More than half of all homes in the United States use natural gas as a source of energy to power appliances throughout the home—including dryers, stoves, water heaters, etc. Although natural gas is generally considered a safe source of energy for residential homes, a gas leak in your home can be very dangerous and detrimental to the health of your family and pets. A natural gas leak is a major fire hazard and can also lead to the emission of carbon monoxide, which is a chemical that is very dangerous and can cause severe health problems and even lead to death when it is inhaled by humans or animals, so it’s important to know how to detect a gas leak in your home.
A gas leak can occur unexpectedly for a wide range of reasons—due to faulty installation of appliances, degradation of pipelines, etc. While it is unlikely, a gas leak could happen in your home at any time. In the case that there is a gas leak in your home, it is important to detect it as soon as possible for the health and safety of every living thing in your home. Keep reading to learn 5 ways to easily detect a gas leak in your home before it is too late.
Smell the Air
A gas leak in your home does not always lead to a smell in the air inside your home. However, gas leaks can cause the air in your home to develop a smell similar to the scent of rotten eggs or garbage.
These unusual smells can be the result of natural gas—which usually contains added sulfur for the specific purpose of alerting homeowners of a gas leak—leaking into your home and combining with the air, causing it to smell sulfuric.
Turn On Your Stove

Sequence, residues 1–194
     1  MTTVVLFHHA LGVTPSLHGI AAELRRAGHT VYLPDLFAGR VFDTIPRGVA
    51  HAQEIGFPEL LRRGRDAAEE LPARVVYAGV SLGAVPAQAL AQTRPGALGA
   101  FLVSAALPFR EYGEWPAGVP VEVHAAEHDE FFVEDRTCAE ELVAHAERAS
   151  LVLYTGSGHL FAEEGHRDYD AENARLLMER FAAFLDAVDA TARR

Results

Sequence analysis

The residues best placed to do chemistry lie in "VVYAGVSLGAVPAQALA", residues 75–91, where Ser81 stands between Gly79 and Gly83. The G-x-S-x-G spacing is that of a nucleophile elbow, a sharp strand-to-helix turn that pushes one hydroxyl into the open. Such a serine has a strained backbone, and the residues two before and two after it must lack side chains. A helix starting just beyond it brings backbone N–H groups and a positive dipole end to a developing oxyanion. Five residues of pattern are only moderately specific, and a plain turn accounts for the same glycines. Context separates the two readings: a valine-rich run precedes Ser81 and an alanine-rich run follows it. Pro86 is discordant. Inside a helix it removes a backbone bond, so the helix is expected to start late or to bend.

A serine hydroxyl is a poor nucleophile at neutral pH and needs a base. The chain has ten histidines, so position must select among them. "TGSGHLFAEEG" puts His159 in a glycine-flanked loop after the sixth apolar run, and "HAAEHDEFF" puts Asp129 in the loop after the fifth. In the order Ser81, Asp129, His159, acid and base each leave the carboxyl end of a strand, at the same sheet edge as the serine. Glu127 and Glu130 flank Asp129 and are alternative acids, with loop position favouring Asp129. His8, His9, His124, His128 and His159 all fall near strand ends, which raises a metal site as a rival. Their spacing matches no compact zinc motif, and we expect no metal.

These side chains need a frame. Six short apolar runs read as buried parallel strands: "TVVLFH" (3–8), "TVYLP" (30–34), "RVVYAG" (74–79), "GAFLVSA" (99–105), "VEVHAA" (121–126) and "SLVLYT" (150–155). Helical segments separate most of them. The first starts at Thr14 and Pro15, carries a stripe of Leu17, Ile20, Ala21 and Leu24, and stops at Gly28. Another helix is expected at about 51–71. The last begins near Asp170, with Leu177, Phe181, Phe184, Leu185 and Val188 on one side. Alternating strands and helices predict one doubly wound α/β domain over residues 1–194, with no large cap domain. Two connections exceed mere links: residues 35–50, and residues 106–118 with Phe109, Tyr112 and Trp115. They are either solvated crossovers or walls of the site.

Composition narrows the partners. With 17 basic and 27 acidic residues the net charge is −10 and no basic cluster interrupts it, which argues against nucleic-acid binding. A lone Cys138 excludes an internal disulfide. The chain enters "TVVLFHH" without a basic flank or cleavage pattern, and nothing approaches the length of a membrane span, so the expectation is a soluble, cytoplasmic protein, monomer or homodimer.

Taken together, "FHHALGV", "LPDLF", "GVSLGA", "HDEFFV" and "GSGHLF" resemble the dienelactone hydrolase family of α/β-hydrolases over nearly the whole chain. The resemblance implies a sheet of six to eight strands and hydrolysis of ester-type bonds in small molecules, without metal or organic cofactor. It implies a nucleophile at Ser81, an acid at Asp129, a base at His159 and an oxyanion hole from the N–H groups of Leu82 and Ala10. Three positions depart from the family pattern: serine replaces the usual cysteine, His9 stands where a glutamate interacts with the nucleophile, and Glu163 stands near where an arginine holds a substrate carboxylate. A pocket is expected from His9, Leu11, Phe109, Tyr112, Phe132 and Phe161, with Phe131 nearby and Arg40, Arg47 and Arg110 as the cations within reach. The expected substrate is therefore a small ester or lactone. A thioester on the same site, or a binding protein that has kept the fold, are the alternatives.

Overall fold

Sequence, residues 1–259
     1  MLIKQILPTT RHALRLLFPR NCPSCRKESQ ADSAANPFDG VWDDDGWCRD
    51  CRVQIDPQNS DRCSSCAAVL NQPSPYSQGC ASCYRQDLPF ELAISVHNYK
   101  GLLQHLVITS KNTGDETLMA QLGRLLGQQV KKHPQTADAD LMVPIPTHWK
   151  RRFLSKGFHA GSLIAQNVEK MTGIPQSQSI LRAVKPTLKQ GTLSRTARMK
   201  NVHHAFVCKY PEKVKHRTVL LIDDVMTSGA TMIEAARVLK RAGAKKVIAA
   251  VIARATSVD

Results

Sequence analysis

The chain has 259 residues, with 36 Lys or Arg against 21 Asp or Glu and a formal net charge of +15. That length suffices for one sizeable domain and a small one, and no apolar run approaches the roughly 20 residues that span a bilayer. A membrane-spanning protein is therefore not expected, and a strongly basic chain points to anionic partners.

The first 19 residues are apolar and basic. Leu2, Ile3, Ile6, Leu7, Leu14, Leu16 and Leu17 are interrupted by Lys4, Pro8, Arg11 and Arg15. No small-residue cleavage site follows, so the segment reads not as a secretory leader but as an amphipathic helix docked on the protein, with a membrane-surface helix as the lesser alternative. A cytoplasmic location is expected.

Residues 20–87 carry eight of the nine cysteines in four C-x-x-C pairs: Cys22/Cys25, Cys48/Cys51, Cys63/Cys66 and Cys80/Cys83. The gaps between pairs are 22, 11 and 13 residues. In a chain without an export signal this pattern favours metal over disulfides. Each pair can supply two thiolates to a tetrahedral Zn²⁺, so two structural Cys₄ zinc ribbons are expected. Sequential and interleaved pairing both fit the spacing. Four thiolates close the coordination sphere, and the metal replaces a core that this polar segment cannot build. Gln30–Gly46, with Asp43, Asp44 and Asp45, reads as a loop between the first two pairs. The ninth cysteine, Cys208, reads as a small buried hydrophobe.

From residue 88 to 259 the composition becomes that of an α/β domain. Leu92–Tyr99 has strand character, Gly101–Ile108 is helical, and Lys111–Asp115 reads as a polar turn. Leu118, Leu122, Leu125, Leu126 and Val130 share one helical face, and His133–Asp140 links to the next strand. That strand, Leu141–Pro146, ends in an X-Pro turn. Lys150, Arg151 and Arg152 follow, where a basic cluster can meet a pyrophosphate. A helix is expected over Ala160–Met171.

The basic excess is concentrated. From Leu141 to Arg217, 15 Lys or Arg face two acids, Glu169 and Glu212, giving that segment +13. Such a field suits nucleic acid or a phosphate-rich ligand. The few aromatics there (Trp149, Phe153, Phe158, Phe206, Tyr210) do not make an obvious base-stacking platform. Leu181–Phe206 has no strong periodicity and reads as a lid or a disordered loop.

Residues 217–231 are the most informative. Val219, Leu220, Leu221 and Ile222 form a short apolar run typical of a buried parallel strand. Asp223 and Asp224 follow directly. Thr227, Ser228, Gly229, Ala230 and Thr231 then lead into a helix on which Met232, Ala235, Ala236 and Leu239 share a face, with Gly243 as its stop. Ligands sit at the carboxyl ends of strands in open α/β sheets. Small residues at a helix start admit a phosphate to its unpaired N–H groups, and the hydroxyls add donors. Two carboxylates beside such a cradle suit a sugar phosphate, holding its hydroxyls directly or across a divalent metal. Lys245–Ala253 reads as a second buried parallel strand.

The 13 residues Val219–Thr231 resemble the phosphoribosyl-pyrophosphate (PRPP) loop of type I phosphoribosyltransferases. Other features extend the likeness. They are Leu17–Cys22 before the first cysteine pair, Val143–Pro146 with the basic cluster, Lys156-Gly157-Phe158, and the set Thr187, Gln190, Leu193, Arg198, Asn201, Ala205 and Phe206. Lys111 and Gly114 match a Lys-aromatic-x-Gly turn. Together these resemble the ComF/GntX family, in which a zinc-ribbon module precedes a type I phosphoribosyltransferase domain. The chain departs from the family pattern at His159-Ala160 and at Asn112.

If you have a gas stove and suspect a gas leak in your home, turn on your stove. This might seem counterintuitive, but looking at the flames that appear when you light your gas stove can help you determine whether or not there is a gas leak in your home.
When you turn on the flame of a burner on a gas stove, the flame is generally blue in color. If there is a gas leak in your home, however, the flames that your stove’s burners emit may turn orange or red after mixing with the air.
Pay Attention to Your Plants
If you have plants in your home and they all suddenly begin to die without any notable changes in the weather or your care for them, that can be a sign that there may be a gas leak somewhere in your home. Houseplants are oftentimes the first living things in a home to be negatively affected by a gas leak.
In addition to watching out for drooping and dying houseplants, it is also important to know the telltale symptoms that a gas leak can cause in humans. A natural gas leak in your home can lead to many symptoms, including but not limited to: headache, vomiting, dizziness, nausea, fatigue, shortness of breath, etc.
Pour Soapy Water
If you suspect a gas leak in a certain area in your home, pour soapy water over that area. Mix together a concentrated soapy water solution using a teaspoon of soap in a cup of water.
Then, pour the soapy water solution liberally over the area where you suspect a gas leak. If new bubbles appear in the solution, that is a sign that gas is being emitted from that area.
Get a Gas Leak Detector
Gas leak detectors are special tools that detect elevated natural gas levels in your home and sound an alarm when these elevated levels are detected. It is worth investing in a gas leak detector to keep in your home for your peace of mind and the health and safety of you and your family members.
If you suspect a gas leak in your home but cannot find it on your own, it is a good idea to hire a professional plumber to search your home’s plumbing system for any gas leaks. Many professional plumbers are trained specifically to find gas leaks that are very difficult to detect and have special skills and equipment that allow them to more accurately detect a potential gas leak in your home.